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December 11, 2006
Volume 84, Number 50
p. 12

Reprocessing proposed

DOE Promotes Nuclear Energy

Spent fuel would be 'recycled' until delayed repository opens

Jeff Johnson

Beginning construction of the first U.S. nuclear power plant in more than 30 years and convincing the public that the government can handle nuclear waste are key Bush Administration energy policy goals for its last 800 days in office, according to Clay Sell, deputy secretary of the Department of Energy.

Image Title DOE

Sell spoke on Dec. 5 to a conference of several hundred nuclear advocates, drawn together by the promise of the Administration's proposed Global Nuclear Energy Partnership. GNEP would have the U.S. lead an international partnership to expand use of nuclear energy and to reprocess spent nuclear fuel for reuse throughout the world. Currently, however, the U.S. by law may not reprocess spent fuel and must place it in an underground repository.

But Sell laid out a new U.S. nuclear waste program that will undertake reprocessing and reuse of spent fuel while work goes forward on the long-stalled Yucca Mountain repository in Nevada. Under the most optimistic scenarios, the repository will not open until 2017 to 2020, Sell said. Meanwhile, the Bush Administration wants nuclear power to advance.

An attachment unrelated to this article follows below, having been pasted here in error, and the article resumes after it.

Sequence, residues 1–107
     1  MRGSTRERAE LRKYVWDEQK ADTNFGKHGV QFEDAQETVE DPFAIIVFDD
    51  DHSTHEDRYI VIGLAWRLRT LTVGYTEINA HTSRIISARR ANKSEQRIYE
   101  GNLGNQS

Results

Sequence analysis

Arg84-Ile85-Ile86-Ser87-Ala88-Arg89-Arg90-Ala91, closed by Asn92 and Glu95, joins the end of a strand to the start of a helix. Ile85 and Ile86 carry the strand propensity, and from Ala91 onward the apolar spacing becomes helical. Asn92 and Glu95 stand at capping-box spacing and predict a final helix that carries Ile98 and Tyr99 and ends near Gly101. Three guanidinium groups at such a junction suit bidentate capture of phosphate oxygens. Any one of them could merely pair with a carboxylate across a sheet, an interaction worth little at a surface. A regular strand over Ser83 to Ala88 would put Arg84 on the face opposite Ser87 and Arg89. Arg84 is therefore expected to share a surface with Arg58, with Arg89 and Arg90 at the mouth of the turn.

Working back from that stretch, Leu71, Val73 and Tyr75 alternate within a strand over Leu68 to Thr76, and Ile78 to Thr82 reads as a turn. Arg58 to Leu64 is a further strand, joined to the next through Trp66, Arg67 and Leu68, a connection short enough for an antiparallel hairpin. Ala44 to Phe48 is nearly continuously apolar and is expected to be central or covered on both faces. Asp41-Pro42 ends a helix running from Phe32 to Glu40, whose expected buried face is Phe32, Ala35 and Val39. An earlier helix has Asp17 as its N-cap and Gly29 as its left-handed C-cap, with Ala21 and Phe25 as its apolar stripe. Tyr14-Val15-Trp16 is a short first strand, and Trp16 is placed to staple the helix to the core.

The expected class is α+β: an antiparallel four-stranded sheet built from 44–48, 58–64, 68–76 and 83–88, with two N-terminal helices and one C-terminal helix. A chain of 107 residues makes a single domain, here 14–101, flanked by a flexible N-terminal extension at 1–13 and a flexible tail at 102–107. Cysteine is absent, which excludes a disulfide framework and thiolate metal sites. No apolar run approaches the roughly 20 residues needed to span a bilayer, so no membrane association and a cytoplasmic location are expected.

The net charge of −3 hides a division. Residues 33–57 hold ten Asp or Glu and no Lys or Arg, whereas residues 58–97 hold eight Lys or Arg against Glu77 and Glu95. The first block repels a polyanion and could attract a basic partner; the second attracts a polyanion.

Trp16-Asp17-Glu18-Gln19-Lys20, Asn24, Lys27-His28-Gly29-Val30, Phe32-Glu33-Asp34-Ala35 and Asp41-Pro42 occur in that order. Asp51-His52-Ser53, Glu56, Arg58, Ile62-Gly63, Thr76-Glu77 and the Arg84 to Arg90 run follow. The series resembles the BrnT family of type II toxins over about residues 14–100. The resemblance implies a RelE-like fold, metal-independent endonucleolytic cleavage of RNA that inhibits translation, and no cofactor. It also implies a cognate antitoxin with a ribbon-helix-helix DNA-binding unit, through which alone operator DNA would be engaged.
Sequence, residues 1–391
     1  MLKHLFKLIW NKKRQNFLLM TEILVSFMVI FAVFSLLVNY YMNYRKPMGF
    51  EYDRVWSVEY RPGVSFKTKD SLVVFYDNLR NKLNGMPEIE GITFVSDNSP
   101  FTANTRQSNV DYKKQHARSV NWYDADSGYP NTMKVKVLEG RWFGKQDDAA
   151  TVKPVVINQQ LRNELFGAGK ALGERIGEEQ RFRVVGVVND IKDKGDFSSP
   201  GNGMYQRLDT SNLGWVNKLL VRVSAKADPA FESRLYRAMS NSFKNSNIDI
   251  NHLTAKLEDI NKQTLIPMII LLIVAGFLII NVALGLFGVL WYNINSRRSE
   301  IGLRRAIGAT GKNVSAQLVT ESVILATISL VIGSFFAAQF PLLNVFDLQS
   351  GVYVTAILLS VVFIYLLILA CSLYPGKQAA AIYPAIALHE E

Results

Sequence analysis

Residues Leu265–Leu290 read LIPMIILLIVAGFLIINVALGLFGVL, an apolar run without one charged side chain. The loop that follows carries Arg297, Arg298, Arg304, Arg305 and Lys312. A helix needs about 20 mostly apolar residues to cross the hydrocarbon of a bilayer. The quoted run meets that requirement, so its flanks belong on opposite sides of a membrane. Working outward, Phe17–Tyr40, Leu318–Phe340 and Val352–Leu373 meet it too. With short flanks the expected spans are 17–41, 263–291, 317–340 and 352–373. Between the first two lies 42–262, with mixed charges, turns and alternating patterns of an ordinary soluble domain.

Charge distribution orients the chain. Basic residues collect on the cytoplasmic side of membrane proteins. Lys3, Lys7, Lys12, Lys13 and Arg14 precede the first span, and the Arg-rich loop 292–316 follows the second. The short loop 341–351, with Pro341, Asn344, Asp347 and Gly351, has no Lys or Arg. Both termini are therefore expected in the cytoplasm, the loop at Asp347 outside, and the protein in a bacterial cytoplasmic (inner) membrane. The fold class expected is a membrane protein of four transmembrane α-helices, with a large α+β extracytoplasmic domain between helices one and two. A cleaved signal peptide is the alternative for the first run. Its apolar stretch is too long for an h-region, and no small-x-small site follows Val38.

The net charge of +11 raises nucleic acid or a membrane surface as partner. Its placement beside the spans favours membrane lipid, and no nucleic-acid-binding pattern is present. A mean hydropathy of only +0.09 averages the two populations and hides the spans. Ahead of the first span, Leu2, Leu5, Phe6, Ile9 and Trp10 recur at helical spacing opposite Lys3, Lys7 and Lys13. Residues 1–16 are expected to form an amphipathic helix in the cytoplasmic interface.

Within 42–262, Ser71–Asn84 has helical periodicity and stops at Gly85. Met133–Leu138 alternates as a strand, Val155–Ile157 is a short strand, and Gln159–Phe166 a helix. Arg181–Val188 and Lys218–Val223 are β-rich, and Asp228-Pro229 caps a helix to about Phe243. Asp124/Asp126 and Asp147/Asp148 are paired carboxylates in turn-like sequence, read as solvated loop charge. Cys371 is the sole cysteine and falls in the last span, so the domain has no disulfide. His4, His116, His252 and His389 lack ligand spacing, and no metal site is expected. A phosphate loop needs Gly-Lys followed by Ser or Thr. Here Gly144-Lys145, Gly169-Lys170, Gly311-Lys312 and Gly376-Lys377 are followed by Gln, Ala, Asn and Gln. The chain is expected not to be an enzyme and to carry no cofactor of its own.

"We think we can develop—on a temporary basis—the consolidation of spent nuclear fuel at several U.S. recycling locations where it can be dealt with and where we can extract great energy value while we are working on the long-term goal of licensing and building a permanent geological repository," Sell said. "Let's be real about 'temporary,' " he added, "we are talking about decades."

Some 11 U.S. communities have expressed an interest in housing a GNEP reprocessing facility, DOE says.

Recent changes in congressional leadership will present a stumbling block, particularly in the Senate, where Harry Reid (D-Nev.) will become majority leader. Reid, although a nuclear power supporter, opposes the waste repository's location in Nevada.

The Administration's and nuclear industry's challenge, Sell said, is to show Nevada residents that nuclear reprocessing and the repository will be a "tremendously positive thing," with new jobs and a new state industry.

"I see a future in Nevada where facilities out there become centers of excellence for some of the most important materials in the world."

Chemical & Engineering News
ISSN 0009-2347
Copyright © 2011 American Chemical Society